Japan Airlines Reduces First Half Loss Through Cost Cuts, Reports Annual Loss

Japan Airlines (JAL) planes are seen, amid the coronavirus disease (COVID-19) outbreak, at Tokyo International Airport, commonly known as Haneda Airport in Tokyo, Japan, October 30, 2020. REUTERS / Issei Kato

  • Post a loss of $ 1.34 billion in the first half
  • Plans to stop burning money by Q4
  • Japan plans to gradually ease border restrictions

TOKYO, Nov. 2 (Reuters) – Japan Airlines Co Ltd (JAL) (9201.T) on Tuesday reported a lower loss before interest and taxes in the first half of the year, aided by cost cuts undertaken by the carrier during the pandemic, but he reported a larger annual loss than expected.

The company recorded a first-half loss of 151.8 billion yen ($ 1.34 billion). The previous year, Japan’s second-largest airline reported a loss of 223.9 billion yen in the six-month period ended Sept. 30.

JAL said on Tuesday it would report an annual loss of 198 billion yen, higher than the consensus loss of 120 billion yen of 12 analysts polled by Refinitiv.

In August, the carrier did not provide a full-year profit forecast, saying the uncertainty made forecasting too difficult. Read more

The airline, like the travel industry in the world’s third-largest economy, was hit hard, with Japan in a state of emergency for much of the second quarter.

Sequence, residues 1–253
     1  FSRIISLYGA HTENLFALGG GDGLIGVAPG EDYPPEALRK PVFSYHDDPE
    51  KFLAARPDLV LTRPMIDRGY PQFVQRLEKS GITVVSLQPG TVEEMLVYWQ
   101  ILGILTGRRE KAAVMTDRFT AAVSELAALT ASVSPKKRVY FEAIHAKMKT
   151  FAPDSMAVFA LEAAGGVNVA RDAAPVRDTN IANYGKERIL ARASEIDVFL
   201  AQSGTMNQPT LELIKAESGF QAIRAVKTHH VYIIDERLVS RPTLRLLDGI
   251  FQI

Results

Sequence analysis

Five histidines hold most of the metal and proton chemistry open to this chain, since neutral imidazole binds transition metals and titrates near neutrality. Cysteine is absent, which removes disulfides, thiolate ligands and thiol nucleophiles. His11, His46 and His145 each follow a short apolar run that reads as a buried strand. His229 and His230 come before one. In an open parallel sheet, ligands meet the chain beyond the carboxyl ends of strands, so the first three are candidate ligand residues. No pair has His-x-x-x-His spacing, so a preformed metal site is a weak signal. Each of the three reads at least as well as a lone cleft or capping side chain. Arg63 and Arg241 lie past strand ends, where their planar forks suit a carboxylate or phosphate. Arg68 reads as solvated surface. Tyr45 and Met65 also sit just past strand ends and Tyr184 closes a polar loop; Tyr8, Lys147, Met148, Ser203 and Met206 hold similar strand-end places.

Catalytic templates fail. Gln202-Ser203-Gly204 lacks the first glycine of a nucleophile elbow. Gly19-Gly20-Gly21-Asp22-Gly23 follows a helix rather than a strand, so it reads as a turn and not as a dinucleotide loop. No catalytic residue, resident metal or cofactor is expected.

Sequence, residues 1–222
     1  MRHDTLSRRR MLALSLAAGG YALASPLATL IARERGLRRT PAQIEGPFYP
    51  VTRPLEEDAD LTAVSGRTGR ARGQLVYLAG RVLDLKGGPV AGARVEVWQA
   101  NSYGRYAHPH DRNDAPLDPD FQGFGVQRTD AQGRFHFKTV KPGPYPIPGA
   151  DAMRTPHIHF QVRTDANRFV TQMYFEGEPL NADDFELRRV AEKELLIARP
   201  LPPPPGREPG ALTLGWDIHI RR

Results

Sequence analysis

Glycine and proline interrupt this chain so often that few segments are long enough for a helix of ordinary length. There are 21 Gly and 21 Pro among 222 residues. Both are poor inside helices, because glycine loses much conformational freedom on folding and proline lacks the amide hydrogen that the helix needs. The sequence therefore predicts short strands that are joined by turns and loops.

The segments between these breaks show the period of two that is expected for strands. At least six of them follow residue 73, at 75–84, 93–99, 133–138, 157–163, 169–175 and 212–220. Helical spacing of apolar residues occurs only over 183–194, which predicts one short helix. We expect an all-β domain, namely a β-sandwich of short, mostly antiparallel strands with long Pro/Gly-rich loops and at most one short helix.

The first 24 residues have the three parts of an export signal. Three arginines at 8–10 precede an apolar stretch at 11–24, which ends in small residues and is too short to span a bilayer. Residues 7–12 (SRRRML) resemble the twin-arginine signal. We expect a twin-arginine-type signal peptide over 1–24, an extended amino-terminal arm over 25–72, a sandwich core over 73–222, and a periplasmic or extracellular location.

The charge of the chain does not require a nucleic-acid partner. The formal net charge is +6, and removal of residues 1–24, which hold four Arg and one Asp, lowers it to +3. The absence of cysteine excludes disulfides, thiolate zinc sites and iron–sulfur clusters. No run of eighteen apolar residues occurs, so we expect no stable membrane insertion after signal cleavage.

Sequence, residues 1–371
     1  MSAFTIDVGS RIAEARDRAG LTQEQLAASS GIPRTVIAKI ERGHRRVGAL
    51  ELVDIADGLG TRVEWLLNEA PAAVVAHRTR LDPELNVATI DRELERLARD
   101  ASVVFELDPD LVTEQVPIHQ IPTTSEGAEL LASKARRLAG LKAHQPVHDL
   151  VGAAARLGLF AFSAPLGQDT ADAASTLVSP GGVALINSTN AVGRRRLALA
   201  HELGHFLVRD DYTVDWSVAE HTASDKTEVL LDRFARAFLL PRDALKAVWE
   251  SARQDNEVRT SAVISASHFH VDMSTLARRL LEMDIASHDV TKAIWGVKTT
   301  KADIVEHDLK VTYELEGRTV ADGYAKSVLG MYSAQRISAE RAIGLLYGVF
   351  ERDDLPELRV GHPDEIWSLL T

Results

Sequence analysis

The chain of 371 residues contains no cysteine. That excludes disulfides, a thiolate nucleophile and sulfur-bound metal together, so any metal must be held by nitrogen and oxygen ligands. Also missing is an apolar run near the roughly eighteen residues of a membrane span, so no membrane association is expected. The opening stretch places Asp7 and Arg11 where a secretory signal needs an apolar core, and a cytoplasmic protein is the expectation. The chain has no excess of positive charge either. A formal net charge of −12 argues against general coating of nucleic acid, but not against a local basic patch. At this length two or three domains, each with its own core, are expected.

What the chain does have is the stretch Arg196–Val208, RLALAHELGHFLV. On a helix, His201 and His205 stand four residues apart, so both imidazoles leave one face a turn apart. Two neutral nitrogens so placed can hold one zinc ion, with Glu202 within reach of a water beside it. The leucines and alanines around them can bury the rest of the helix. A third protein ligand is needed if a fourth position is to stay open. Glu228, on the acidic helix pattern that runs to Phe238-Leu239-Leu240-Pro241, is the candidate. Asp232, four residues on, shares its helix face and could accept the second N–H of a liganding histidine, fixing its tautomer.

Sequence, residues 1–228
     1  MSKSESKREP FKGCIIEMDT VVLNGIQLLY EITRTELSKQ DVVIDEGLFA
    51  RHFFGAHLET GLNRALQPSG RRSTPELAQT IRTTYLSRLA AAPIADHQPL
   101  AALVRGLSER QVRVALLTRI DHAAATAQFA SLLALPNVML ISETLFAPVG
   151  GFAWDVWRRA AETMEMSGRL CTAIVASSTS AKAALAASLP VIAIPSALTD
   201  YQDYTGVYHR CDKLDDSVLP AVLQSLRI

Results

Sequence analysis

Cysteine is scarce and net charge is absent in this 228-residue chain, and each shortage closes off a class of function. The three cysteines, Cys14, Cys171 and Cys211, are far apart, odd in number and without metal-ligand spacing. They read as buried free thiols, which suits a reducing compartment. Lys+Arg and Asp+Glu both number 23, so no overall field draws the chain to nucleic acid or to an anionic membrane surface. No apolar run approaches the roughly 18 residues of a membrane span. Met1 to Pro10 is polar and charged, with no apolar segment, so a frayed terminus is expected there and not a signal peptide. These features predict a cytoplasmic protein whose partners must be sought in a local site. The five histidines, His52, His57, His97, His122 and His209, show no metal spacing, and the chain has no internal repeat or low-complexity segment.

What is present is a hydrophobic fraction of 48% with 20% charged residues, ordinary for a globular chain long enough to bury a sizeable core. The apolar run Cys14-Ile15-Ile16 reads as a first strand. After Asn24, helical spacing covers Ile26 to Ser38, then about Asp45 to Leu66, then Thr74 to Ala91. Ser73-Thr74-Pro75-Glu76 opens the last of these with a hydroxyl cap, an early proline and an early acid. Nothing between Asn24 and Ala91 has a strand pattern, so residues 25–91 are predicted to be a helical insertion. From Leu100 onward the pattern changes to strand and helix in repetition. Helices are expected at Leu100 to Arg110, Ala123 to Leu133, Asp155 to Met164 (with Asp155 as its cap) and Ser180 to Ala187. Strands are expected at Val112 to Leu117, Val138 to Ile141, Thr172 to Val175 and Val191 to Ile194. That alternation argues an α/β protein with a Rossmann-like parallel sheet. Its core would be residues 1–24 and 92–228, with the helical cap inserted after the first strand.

JAL said its workforce would decline from 2,500 by the end of the fiscal year, March 31, to 33,500 as older workers retire and it has frozen new hires to reduce costs.

Rival ANA Holdings Inc (9202.T) said last week that it planned to report an operating loss in the current fiscal year, down from an earlier profit forecast, and that it reduce the workforce by 20% within five years through attrition. and retirement. Read more

JAL said it expected to stop spending money by the fourth quarter of the fiscal year as travel demand improves.

He said the number of domestic passengers started to increase last month and by March it is expected to reach 92% of pre-COVID levels, although international traffic remains moderate at 23% of pre-COVID levels.

Japan confirmed on Tuesday its intention to gradually ease COVID-19 border restrictions, but did not respond to calls from business lobbies to open the country in line with its major trading partners. Read more

The country is still subject to strict regulations preventing most non-resident foreigners, including tourists and business travelers, from entering.

The government has decided to review border controls in stages, Chief Cabinet Secretary Hirokazu Matsuno told reporters on Tuesday, responding to media reports that the quarantine for business travelers would be reduced from 10 to three days.

($ 1 = 113,6800 yen)

Report by Maki Shiraki in Tokyo; Writing by Jamie Freed; Editing by Kim Coghill, Sherry Jacob-Phillips, Kirsten Donovan

Our Standards: Thomson Reuters Trust Principles.


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